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Knud Pedersen

By Christopher Zoukis  Image courtesy

It is summer and the sun is shining.  Off to the east rugged mountain peaks serrate against a soft blue sky.  A breeze strong enough to be annoying shoves steadily at plants, animals and human beings.  On the plus side, though, the air is fresh and tastes of salt and smells of pine.

The tombstone is made of white granite with gray and black flecks in it.  Oblong in shape, it stands four feet tall.  On the top sits a gray cast iron bust, wearing an armless coat and tie.  A handlebar moustache banners under a flaring nose, and the iron head has no hair.  I wonder if he went bald, or shaved his head?  A photograph of him at age thirty shows a full head of hair, wire rim glasses and a solid, handsome face.

His ashes are in a small wooden box, and the box sits encased within the cast iron bust.  The box is decorated with mythological beasts, one being a unicorn.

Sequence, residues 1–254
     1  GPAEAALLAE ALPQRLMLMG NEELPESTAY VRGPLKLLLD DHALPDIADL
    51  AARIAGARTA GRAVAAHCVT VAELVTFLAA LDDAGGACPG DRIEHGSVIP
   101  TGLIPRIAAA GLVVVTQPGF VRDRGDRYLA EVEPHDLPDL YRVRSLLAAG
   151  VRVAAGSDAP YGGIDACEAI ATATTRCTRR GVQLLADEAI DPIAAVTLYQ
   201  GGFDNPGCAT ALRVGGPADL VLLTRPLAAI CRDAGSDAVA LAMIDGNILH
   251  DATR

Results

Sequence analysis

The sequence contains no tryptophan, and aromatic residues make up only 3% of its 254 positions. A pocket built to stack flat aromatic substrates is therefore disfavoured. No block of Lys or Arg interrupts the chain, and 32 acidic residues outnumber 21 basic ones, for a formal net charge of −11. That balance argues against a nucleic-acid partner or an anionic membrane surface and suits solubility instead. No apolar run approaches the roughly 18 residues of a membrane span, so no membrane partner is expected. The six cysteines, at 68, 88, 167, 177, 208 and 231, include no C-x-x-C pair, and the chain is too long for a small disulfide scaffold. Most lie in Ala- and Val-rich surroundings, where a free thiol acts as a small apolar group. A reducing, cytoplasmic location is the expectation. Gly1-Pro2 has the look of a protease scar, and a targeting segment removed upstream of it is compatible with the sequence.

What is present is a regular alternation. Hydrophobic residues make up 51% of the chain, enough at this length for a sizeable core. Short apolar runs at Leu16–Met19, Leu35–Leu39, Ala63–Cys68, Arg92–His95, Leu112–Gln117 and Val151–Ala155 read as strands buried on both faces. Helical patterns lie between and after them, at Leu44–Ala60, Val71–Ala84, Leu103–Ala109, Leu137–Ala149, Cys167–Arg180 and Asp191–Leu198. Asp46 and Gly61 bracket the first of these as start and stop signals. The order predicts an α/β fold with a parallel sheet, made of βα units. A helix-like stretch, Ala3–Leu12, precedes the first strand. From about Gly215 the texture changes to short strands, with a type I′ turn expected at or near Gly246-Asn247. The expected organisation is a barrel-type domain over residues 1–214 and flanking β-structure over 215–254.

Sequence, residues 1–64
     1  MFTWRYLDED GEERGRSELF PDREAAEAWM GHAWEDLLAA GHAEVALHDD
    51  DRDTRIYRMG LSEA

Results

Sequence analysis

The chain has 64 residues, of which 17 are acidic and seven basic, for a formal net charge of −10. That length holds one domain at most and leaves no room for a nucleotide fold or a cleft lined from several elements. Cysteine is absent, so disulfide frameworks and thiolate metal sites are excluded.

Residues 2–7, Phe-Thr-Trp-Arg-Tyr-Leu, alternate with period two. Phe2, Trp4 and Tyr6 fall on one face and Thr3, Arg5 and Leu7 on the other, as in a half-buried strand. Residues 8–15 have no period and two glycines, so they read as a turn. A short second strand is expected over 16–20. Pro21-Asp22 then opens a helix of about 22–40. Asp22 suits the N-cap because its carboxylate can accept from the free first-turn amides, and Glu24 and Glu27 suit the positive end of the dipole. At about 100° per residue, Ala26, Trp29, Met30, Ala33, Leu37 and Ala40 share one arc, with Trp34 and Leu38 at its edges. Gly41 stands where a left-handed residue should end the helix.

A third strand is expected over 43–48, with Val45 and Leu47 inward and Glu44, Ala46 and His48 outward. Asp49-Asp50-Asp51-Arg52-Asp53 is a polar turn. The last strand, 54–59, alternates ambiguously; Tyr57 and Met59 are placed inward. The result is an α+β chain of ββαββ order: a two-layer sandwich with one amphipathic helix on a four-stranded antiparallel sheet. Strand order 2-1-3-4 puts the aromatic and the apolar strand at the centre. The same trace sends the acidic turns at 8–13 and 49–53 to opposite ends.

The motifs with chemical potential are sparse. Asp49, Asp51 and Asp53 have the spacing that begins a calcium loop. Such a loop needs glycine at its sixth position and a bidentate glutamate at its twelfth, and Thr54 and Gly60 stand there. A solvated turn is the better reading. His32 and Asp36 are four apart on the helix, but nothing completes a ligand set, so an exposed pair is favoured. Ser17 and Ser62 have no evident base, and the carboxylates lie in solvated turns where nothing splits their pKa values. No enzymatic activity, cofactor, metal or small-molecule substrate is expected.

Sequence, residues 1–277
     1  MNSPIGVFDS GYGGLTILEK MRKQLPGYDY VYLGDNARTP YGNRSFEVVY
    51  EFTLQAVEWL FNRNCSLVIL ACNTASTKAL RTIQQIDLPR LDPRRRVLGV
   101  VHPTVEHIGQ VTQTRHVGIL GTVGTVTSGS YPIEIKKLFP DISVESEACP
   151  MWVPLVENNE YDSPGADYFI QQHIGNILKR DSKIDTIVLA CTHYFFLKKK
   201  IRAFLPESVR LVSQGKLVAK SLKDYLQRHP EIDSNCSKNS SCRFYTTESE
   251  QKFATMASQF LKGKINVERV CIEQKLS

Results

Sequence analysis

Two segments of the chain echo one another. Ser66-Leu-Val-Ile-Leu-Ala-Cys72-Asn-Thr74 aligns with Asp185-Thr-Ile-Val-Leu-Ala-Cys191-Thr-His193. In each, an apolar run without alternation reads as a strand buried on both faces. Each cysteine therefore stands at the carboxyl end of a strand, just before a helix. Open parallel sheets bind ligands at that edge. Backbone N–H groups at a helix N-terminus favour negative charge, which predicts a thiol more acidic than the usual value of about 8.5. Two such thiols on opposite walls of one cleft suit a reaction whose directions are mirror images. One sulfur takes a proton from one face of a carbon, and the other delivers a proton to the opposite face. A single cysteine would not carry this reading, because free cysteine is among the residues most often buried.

Nearby sits his manor house, which, when he first bought it, was near to falling down from neglect.  He had it restored and redecorated.   

From good breeding stock, he remained healthy until his death at age ninety-two.  They say, though, that he had “permanently impaired mental capabilities” in his last years.  But it was pure speculation.  No, it was more than that – it was judgment palmed off as fact.  It was what they wished were true.  And they hoped that by saying it, it would come true.  For they were embarrassed by him, even scandalized by him.

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Farinelli – 3